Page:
Saturday 22 September 2018

The 2018 Fletcher of Saltoun Awards announced

 

Karine Polwart and Chris van der Kuyl feature amongst 30th Fletcher of Saltoun Award winners

Multi-award-winning songwriter and musician Karine Polwart and leading technology entrepreneur Chris van der Kuyl feature as two of this year’s winners of the 30th annual Fletcher of Saltoun awards. Organised by the Saltire Society, this honorary award is presented annually to inspiring Scots in recognition of their outstanding contribution to Scotland’s culture and society.

This year’s award ceremony took place at the Saltire Society’s headquarters on the Royal Mile in Edinburgh (Saturday, 22nd September) and also featured internationally recognised healthcare academic Professor Graham Watt and prominent voluntary sector campaigner Fiona Duncan. The four individuals have each been awarded the 2018 Andrew Fletcher of Saltoun Award in recognition of their outstanding achievements in the fields of science, the arts and public life.

Since being launched in 1988, the Fletcher of Saltoun Awards have continued to celebrate the unique contribution to Scottish society of a wide variety of recipients. The awards celebrate the legacy of Andrew Fletcher of Saltoun, a seventeenth century Scottish writer and politician and a keen patron of the arts during his lifetime. The public and members of the Saltire Society are encouraged to support and to put forward nominations for any of the awards.

Songwriter and musician Karine Polwart, one of Scotland’s most popular traditional folk artists, has been recognised for her contribution to the Arts and Humanities. A four times winner at the BBC Radio 2 Folk Awards and inaugural winner of Scots singer of the year at the Scots Trad Music Awards, Polwart has also campaigned on issues including nuclear disarmament, mental health, children’s rights and domestic abuse.

Professor Graham Watt CBE FRSE is an academic who has had a distinguished career in public health and general practice, mostly spent at the University of Glasgow, and who founded the Deep End movement to develop professional support for GPs and their teams looking after the most socio-economically deprived people in Scotland. He has received the Fletcher of Saltoun Award in recognition of his contribution to science.

Also collecting an award for his contribution to science, Chris Van Der Kuyl grew his first business, VIS entertainment, out of a bedroom in Dundee before going on to become a global player in the creation of leading-edge entertainment property for the technology and media sectors. He is also a champion of enterprise education in Scottish schools, colleges and universities and has been a past chairman of Young Enterprise Scotland.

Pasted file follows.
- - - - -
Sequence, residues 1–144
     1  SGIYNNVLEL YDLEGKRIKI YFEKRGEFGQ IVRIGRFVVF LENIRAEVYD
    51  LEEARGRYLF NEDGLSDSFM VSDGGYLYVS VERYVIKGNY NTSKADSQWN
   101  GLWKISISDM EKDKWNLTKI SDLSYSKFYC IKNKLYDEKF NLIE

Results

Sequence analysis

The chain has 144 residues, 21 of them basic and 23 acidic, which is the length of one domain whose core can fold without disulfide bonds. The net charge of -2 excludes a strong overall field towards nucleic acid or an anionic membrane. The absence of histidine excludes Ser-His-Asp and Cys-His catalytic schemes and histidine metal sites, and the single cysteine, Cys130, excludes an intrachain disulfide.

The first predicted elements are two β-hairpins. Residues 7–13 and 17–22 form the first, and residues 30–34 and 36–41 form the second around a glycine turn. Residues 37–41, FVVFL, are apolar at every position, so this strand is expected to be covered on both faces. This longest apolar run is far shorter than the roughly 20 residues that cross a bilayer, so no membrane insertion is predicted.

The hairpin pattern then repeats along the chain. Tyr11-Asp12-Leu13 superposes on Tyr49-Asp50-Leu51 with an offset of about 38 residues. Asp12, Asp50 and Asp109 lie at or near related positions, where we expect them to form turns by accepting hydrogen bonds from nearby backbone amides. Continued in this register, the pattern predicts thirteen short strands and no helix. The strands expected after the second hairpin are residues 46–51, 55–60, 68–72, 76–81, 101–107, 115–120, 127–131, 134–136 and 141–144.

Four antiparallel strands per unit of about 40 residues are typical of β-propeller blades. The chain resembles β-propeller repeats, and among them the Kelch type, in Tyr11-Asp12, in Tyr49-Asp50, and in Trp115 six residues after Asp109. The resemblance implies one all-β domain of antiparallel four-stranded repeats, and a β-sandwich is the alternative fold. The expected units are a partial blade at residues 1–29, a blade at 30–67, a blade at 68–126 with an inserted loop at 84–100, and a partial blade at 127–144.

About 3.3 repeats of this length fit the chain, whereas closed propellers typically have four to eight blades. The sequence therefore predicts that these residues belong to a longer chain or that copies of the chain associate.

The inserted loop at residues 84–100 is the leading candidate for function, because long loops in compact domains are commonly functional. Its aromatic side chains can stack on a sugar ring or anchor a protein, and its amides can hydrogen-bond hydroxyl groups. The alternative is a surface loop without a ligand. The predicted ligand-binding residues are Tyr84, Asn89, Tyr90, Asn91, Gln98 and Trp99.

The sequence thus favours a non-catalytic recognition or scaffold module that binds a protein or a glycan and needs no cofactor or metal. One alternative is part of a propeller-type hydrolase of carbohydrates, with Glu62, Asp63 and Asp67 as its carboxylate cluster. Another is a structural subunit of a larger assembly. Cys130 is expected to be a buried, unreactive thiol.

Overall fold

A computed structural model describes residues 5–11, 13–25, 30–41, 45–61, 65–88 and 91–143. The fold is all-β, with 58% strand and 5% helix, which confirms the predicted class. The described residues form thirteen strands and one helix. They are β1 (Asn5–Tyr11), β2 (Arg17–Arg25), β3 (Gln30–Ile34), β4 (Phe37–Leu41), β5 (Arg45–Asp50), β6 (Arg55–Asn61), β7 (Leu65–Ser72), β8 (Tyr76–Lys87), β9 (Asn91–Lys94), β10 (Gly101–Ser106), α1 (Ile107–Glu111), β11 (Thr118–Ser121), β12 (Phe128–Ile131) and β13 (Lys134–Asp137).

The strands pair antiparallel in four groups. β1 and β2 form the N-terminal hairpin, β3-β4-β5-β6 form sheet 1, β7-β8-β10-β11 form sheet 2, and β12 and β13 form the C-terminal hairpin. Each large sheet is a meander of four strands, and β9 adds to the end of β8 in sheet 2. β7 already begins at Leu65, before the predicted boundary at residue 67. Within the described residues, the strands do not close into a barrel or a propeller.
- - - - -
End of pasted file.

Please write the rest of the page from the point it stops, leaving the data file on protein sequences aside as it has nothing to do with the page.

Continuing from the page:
CEO of the Corra Foundation, formerly the Lloyds TSB Scotland Foundation, Fiona Duncan has received an award in recognition of her contribution to public life. Duncan was recently invited by the Scottish Government to head up the Care Review, an indepth review of childcare in Scotland. She also runs the Kilfinan Group, which provides mentors to heads of charities in Scotland.

Commenting on receiving the award, Karine Polwart said:

“Thank you to The Saltire Society for this recognition of my work as a musician, writer and performer living in Scotland. Everything I make draws breath from a network of creative collaborators, pals and peers. And from the untold stories and hidden histories of others, as well as the overlooked places and messy political and ethical complexities of today’s Scotland. So I accept the award with gratitude for all of that too.” 

Professor Graham Watt CBE FRSE, commented:

“I am delighted to accept the Fletcher of Saltoun Award as positive recognition for my work in public health and academia over the years. It’s a great honour and I would like to thank everyone who has played a part in making today such a special event. Congratulations also to three other very worthy award winners.”

Chris Van Der Kuyl, said:

“I am so pleased to receive this award and would like to say a huge thanks to the Saltire Society for including me in such a prestigious list of past winners over the past 30 years. It’s a particular honour to be able to share a platform with the three inspiring individuals who have also received an award today.”

Fiona Duncan commented:

“It’s a real privilege to be able to collect this award today, particularly when I look around the room at my fellow award winners, each one of whom I know has made such a special contribution to Scottish society. Thank you so much.”

The Fletcher of Saltoun awards is just one part of an annual programme of events and awards organised by the Saltire Society. Further events taking place over the next few months include Outstanding Women of Scotland, the Saltire Infrastructure Awards and the Saltire Literary Awards, taking place on St Andrew’s Day, the 30th November.

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